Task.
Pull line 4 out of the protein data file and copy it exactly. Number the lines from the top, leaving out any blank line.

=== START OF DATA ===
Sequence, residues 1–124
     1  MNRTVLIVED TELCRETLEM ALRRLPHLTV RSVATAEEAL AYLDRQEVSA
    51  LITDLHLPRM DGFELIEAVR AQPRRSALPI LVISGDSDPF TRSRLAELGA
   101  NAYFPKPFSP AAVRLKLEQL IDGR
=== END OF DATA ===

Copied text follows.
   101  NAYFPKPFSP AAVRLKLEQL IDGR